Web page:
Nancy Currie: Our orbital velocity is twenty-five thousand feet per second. That’s five miles a second. So it only takes an hour an a half to go all the way around the earth. The altitudes that we fly, now we fly in low earth orbit. So we only fly several hundred miles above the earth. The highest we have ever flown a shuttle is a little over three hundred miles above the earth. As a comparison the moon is around two hundred, thirty-five thousand miles away. So, I would show kids because they always want to know, have you been to Jupiter, Saturn, you know name your favorite planet. I always show them a picture that I took of the moon from the space shuttle window to show them that comparatively, when you are only two or three hundred miles closer to an object that is several hundred thousand miles away, you are really not that much closer. Truly we are in low earth orbit. In terms of how people would react, one of the first things that you have to be aware of is you undergo certain physiological changes. About seventy percent of all astronauts get some type of motion sickness. It is unlike any type of motion sickness., So we really can’t predict it.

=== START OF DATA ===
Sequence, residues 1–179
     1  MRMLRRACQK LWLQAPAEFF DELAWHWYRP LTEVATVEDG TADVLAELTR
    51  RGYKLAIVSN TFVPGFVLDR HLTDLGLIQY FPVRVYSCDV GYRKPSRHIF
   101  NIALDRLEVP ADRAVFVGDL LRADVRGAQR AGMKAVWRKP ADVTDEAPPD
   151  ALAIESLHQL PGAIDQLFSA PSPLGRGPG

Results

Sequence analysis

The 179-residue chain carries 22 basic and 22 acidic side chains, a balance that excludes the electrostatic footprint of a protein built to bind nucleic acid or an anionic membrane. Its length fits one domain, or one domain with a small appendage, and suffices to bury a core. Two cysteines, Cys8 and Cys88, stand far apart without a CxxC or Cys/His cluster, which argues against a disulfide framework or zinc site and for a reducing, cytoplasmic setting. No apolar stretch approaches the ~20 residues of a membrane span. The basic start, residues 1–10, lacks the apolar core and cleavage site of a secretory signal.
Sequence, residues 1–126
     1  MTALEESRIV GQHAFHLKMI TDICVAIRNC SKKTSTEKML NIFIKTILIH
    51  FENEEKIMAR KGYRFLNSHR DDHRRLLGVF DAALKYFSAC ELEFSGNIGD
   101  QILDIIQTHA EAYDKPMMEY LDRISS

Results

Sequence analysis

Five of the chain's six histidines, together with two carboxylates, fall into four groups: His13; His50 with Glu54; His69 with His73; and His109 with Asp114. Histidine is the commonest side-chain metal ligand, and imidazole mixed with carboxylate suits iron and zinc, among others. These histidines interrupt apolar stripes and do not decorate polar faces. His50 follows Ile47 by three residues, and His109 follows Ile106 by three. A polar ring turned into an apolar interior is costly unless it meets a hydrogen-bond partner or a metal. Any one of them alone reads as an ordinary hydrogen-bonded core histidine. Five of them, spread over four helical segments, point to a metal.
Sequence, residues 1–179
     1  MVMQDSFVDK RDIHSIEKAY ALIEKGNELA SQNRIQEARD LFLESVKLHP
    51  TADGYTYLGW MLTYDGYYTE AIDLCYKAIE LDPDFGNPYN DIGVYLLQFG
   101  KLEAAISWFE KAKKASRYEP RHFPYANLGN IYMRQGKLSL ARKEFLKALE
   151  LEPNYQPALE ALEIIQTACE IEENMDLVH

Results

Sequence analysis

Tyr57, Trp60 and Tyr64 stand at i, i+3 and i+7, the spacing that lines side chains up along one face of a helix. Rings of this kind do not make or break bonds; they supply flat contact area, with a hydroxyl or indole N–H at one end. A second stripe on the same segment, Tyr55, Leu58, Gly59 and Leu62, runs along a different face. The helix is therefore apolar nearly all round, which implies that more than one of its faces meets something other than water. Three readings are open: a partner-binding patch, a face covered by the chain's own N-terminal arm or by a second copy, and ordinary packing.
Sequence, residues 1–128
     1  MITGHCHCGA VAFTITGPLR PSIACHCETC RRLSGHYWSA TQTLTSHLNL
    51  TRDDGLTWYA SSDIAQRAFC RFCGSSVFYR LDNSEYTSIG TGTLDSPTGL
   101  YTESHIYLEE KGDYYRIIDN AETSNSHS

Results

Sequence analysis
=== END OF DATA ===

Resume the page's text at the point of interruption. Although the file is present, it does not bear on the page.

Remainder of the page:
Andrea Georgsson: Do you put a little patch behind the ear?
Nancy Currie: No. Interestingly enough, some of the typical drugs that we use to treat motion sickness here on earth only delay the onset of symptoms. They might mask them for a few days but as soon as you stop taking them, then they will occur. We do have certain drugs though that we have found that work quite well that really just totally exasperate any symptoms at all. One of the first things that happen is you don’t have the force of gravity pushing down on your body so the bodily fluids shift from your lower body to your upper body. So everybody, there facial features change. Everybody gets these nice round faces. Sound like you have a head cold. You get a headache. But your body is not that smart and it doesn’t detect why fluid has shifted. It detects I’m in fluid overload. So you diures a lot for the first twenty-four, forty-eight hours. You end up loosing about twenty percent of your plasma while you are in orbit. So from an earth perspective you would be very dehydrated but in space it is kind of your typical equilibrium. So that kind of bothers people because they get a headache. Some people get very nauseous. I’m very, very fortunate, I don’t have any symptoms in space. They all wait until I come back down. One of the interesting things, especially if you are my size, is that without the force of gravity pushing down one your body your spine actually elongates. Your tendons and ligaments stretch and you grow about an inch to and inch and a half. Unfortunately, just as soon as you land your back to being very, very short again.
Andrea Georgsson: You were obviously meant to be in space. You were telling me earlier about your job, your position, being a woman in your position. How many women have jobs at your level over at NASA?